I can’t confirm and apologise if wrong but it seems guitarist Derek Bailey died on Christmas Day. My good friend Luke posted the news and a couple of sites seem to know too so unless a bad mistake has happened it looks like the original skronker has gone.
I heard Bailey before I heard Beefheart even courtesy of a friend from my school days called Stuart. He made me a tape of Evan Parker on one side and Bailey’s 80s record “Drop Me Off At 96th” on the other. He wrote on it “This K7 is a bit of a fucker. Bear with it!”. I still have it and I moved through being totally freaked out by it, to not being able to relate to it, to finding it hilarious then baffling then super powerful (with the hilarity remaining).
Bailey mastered technique to make most guitar players shit through their eyes and then decided it was simply not rewarding enough and developed a language on the semi acoustic jazz guitar that seems impenetrable at first but slowly reveals itself as being a plunging-the-depths personal language that actually sounds like incidental music to a Tom n Jerry cartoon. Like Fahey he didn’t wait for someone to put his records out and founded the Incus label pressing records that collectors today would kill for. His sides with drummer Hann Bennick are insane and my personal highlight.
I never saw him play. He was supposed to tour with Fahey under the banner “Guitar Excursions Into The Unknown” but pulled out. I think it was a measure of my tastes that I was shitting it over Bailey playing and had to ask who Fahey was. When he pulled out I wasn’t interested and ended up missing two of my favourite players perform in one foul swoop.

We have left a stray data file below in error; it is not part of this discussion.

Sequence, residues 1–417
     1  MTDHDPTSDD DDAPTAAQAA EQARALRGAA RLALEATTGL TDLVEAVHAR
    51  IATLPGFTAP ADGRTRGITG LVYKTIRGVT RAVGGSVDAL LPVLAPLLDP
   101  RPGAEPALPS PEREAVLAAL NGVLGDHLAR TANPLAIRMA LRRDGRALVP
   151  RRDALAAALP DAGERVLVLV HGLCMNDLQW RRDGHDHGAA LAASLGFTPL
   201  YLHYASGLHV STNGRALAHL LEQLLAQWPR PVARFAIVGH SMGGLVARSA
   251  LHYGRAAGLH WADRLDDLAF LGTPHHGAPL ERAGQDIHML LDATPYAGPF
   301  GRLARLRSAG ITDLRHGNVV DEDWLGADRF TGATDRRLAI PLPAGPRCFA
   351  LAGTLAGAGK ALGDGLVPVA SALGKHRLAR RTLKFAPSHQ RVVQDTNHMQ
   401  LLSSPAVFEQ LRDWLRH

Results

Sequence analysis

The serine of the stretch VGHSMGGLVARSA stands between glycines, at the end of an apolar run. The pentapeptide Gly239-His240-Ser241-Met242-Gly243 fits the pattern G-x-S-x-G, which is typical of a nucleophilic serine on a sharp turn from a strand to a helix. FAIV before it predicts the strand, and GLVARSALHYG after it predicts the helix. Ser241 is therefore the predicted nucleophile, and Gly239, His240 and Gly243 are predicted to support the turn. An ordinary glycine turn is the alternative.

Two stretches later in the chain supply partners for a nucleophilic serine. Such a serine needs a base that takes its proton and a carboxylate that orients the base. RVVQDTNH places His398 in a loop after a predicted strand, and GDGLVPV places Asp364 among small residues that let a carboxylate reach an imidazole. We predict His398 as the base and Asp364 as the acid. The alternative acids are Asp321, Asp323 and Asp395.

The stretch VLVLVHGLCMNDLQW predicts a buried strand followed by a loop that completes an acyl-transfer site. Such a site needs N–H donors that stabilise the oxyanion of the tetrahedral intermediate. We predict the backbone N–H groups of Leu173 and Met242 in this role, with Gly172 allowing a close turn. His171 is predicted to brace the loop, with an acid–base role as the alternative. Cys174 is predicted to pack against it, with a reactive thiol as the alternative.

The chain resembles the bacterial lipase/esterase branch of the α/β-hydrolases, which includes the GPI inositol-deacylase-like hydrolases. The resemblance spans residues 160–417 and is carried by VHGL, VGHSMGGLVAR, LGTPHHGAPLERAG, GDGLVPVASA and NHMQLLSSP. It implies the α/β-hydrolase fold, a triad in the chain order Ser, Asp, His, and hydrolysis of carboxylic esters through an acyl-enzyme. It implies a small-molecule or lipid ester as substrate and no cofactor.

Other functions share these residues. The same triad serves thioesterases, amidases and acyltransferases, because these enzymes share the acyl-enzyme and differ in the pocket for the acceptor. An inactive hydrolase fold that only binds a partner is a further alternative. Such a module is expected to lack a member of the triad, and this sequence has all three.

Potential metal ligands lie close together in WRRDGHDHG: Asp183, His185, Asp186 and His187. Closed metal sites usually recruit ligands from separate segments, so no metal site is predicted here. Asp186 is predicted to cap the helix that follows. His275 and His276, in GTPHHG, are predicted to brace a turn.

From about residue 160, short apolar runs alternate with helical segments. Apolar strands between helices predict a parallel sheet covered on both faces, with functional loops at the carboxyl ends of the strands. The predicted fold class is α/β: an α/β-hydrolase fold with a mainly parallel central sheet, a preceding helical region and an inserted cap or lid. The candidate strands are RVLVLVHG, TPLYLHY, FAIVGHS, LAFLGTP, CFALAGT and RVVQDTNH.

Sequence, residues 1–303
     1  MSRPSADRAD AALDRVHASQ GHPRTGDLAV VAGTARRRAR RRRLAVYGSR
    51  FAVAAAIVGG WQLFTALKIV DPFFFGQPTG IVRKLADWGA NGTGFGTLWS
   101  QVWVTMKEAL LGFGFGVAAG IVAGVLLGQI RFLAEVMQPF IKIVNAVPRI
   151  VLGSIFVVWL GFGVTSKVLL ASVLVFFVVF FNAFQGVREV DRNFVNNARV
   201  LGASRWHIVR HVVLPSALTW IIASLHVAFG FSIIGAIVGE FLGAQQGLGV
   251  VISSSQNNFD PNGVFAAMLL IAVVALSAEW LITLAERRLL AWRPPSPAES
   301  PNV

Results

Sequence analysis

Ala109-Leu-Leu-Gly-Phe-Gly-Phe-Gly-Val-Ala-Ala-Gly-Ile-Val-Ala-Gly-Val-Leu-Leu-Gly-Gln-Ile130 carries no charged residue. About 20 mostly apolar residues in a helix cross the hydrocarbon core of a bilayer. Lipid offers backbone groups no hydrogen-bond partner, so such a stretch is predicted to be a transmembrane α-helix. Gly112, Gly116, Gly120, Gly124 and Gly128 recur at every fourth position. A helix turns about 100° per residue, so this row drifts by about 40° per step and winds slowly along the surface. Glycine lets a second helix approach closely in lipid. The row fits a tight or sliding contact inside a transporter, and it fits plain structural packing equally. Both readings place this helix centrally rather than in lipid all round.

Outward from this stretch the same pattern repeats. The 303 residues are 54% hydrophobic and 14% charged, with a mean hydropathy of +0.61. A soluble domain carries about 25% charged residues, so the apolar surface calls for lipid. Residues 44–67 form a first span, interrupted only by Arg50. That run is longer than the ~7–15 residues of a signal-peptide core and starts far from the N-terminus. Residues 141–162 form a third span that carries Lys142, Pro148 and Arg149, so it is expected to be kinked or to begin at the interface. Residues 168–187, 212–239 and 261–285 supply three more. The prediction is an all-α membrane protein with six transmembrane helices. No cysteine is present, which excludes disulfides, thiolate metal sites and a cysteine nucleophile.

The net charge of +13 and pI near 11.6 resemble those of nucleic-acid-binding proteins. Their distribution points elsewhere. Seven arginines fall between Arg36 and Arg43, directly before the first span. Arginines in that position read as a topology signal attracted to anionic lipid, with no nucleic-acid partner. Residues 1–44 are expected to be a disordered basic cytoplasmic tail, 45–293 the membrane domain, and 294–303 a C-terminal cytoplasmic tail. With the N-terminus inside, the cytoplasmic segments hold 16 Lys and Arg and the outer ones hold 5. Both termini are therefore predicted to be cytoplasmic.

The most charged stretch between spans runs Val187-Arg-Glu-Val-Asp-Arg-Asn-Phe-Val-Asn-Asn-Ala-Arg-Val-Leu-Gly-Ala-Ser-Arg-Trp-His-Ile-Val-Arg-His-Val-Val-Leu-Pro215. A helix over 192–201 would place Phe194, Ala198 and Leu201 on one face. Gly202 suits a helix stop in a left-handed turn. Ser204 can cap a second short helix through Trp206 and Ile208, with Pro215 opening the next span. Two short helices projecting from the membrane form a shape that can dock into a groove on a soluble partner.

Anyway, expect to read a million better and more gushing (and more sober) tributes but I thought I’d add mine.
As a footnote: Stuart, who got me into Bailey (and Beefheart too!) ended up playing with the man himself recently under the name THF Drenching. A long way from playing drums on Sex Pistols covers with me! XXX

SIGNAL GENERATOR – Output EP (Occasional Records)

Posted: December 24th, 2005, by Alex McChesney

It must be tough to be an electronicist nowadays, it being a genre that’s entered a kind of adolescence. Older forms have a long and fruitful past to draw upon. A guitar-rock band can easily flourish and become massively successful while sounding much like another guitar-rock band that was around thirty years ago, based entirely on an ear for a catchy tune and nice white smiles. Form a folk act, and while there are many qualities that your audience will expect from you, exciting new forms of sonic creation are going to be fairly low down on their list of priorities. Novelty, while always entertaining, holds far less value to a long-established musical genre than it does one for which the listener’s perception is that of acres of new ideas and possibilities stretching into the horizon, waiting to be harvested.